The killing of Wendy Hile in the Bethany area in the Northeast part of Lincoln, Nebraska in 1974 was an event that marred and scarred everyone in that tiny, tight-night, neighborhood.  Tenth grader Wendy Hile — and her high school Junior murderer, Mark A. Goldsberry — lived within a few blocks of each other and the rest of us.


Decades later, the killing of Wendy Hile still stings within each of us, especially as we regress back into our childhood terrors wondering about the why of what happened so long ago — for three, long, days we only knew Wendy was missing — and we all tried to remove the rising horror within us that Wendy might never be brought back home to her family or to the neighborhood that yearned for her return.

Every so often over the years since Wendy’s death, I would do a web search for “Wendy Hile” — searching for shared remembrances of her awful death and for updated details on the status of her family and her murderer.  My searches always came up empty and the memory of Wendy Hile continued to haunt me.

Then, over the weekend, I searched again for Wendy and found this thread on Topix — and all the gory details and searing pain and unending healing were returned to me with the same spite and hatred we all held for her killer so many years ago.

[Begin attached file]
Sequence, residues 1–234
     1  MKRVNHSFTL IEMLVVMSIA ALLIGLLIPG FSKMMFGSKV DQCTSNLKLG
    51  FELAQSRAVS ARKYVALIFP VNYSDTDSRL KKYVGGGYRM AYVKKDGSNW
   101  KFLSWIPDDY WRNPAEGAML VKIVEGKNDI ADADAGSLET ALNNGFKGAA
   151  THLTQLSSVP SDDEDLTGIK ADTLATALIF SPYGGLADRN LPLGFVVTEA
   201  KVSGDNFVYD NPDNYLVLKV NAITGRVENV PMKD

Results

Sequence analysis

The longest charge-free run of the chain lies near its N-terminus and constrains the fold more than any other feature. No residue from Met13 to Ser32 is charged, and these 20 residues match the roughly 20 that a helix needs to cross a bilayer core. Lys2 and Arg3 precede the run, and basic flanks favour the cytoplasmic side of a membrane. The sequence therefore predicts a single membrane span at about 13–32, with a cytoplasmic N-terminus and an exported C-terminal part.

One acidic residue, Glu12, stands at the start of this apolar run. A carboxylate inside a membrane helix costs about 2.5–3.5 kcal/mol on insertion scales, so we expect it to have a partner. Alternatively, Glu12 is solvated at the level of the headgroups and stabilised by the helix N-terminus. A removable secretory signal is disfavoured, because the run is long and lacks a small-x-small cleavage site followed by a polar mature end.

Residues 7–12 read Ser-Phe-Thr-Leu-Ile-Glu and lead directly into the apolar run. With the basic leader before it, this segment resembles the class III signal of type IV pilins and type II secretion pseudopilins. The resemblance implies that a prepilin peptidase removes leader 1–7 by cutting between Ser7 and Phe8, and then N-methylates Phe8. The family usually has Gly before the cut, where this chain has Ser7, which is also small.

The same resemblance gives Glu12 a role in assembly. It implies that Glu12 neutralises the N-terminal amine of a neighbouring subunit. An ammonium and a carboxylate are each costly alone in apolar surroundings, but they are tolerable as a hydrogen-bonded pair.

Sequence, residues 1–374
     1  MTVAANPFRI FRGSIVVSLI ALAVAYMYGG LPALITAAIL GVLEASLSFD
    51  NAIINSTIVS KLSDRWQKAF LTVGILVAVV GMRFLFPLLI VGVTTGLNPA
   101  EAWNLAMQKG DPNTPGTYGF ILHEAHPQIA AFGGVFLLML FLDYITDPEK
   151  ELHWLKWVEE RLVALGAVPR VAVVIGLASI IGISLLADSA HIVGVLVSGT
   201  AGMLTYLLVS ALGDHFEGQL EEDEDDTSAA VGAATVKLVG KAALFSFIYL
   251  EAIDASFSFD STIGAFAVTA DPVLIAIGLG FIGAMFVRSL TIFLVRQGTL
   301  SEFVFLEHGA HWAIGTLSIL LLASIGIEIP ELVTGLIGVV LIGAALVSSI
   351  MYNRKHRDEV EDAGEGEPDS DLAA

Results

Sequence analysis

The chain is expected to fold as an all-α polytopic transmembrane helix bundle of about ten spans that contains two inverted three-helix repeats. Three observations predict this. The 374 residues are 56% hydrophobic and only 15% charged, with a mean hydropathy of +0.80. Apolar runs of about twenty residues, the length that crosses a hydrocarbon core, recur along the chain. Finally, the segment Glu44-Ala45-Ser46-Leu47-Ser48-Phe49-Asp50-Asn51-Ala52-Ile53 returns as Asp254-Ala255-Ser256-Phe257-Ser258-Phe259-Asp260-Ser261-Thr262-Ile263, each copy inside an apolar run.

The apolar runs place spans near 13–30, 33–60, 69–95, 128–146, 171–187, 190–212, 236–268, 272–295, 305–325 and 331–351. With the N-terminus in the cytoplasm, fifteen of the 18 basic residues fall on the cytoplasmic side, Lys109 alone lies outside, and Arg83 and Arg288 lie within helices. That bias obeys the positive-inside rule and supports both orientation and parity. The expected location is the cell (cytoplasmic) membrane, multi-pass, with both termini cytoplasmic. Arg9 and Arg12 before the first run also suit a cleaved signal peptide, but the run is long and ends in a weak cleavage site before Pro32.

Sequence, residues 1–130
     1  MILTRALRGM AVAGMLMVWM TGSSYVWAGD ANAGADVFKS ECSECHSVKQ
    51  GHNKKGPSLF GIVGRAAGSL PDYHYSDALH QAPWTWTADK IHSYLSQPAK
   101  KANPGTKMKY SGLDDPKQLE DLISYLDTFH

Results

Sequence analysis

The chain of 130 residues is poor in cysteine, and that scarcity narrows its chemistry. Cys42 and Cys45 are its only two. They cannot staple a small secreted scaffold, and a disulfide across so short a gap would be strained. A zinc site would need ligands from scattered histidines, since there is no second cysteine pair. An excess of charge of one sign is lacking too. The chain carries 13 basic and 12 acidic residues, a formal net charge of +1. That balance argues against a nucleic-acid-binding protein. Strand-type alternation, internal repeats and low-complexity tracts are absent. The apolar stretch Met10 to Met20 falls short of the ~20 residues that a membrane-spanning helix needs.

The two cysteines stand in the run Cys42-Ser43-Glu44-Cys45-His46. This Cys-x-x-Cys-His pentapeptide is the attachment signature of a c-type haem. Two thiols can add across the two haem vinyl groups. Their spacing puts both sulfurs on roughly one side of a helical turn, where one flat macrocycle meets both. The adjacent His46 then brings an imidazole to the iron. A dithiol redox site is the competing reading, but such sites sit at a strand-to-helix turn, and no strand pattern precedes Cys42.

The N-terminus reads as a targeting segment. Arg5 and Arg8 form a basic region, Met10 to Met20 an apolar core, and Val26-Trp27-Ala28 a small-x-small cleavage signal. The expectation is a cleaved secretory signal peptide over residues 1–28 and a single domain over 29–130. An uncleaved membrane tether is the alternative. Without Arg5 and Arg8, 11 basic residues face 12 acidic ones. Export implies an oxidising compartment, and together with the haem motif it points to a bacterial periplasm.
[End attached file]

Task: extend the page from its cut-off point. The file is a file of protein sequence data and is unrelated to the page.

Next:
Wendy’s killer was her neighbor, and ours, Mark A. Goldsberry.

Mark, it seems, served 14 years in prison for raping and murdering Wendy and dumping her dead body in a field near Table Rock, Nebraska.

Mark spent less time in prison than Wendy was alive and he now has a family of his own and a good job allegedly working for the University of Nebraska-Omaha.

Did Wendy Hile get justice for her rape and murder?  Is 14 years enough of a punishment for Mark A. Goldsberry’s crimes?

If Mark raped and killed Wendy today — would he ever see the free light of day again?  Or would the electrocutioner’s hand have found his head?

A crime like Mark’s can never be abided in a small town neighborhood — and so, back then, the search was on to pin a reason on Mark’s rape and murder — because if a reason couldn’t be found, then that meant Mark’s upbringing, his environment, his parents, his family, his neighborhood, and all of us, were all were factors in the evil that formed Mark… and that would never be acceptable to the community.

So… it was determined somehow… that Mark A. Goldsberry’s rape and murder of Wendy Hile was somehow influenced by some sort of head injury he had suffered… and while that reason could never bring Wendy back to us…. it was enough of an excuse to lift the neighborhood — the rest of us — from the hook of blame for her killing.  Mark was sick.  Mark was injured.  Mark didn’t know what he was doing…